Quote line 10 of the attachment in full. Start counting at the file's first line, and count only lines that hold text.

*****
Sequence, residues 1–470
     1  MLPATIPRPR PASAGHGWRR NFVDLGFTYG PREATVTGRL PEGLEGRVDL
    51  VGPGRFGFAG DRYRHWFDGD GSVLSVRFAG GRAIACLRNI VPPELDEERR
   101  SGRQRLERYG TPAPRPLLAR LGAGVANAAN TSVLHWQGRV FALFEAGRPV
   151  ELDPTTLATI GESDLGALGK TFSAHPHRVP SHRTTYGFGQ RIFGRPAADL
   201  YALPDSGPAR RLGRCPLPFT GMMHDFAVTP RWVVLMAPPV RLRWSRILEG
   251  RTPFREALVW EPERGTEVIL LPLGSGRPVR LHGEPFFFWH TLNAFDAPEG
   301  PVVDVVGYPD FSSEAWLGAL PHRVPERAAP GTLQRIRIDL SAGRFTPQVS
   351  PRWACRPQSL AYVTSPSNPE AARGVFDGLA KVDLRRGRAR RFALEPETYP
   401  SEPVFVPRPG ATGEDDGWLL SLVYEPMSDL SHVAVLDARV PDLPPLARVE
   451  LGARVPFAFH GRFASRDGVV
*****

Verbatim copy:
   401  SEPVFVPRPG ATGEDDGWLL SLVYEPMSDL SHVAVLDARV PDLPPLARVE